JUBA: South Sudan yesterday accused Sudan of killing seven people in air strikes on a disputed area and said its northern neighbour was jeopardising a plan to restart cross-border oil flows by massing troops along their joint border.
Sudan has already denied the accusations of bombing - which South Sudan said lasted for three days - and a Sudanese military spokesman was not immediately available on Friday to respond to the new troop movement allegation. The African neighbours agreed to end hostilities in September and to resume oil exports from the South via the north after coming close to war in April, the worst outbreak of violence since South Sudan’s secession last year.
But tensions flared up again this week after the two countries accused one another of failing to move their forces back from the unmarked joint border, something both had said must happen before oil exports could resume.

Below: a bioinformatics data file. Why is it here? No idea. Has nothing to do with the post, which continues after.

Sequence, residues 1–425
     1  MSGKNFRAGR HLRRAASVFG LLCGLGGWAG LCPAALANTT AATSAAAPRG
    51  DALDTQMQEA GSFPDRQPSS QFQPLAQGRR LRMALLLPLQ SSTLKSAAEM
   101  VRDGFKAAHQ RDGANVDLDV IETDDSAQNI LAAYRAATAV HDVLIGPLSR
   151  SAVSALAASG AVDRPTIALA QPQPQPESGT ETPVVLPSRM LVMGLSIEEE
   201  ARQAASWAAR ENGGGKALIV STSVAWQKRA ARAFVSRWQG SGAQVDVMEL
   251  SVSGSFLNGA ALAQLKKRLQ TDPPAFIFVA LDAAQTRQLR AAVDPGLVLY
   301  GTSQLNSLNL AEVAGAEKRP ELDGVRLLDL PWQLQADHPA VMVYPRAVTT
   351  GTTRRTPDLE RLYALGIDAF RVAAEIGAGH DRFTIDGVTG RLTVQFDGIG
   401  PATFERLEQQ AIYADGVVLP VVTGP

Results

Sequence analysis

Philip Aguer, a spokesman for South Sudan’s army, said Sudanese Antonov warplanes had dropped 27 bombs on Kiir Adem, an area lying inside a 14 mile-wide (22.5km) strip of land claimed by both countries since Tuesday.
“As a result of this aggression seven people died ... these are all civilians,” Aguer said, saying that eight people had been wounded. “They are militarising the border instead of demilitarising it.”
Khartoum denied the bombing accusations on Wednesday, saying its forces had instead attacked a camp of rebels from the Darfur region “deep inside its territory”.